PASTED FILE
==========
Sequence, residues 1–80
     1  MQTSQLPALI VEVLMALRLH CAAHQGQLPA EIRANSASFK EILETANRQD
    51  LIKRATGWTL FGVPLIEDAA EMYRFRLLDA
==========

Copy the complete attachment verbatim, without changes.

Sequence, residues 1–80
     1  MQTSQLPALI VEVLMALRLH CAAHQGQLPA EIRANSASFK EILETANRQD
    51  LIKRATGWTL FGVPLIEDAA EMYRFRLLDA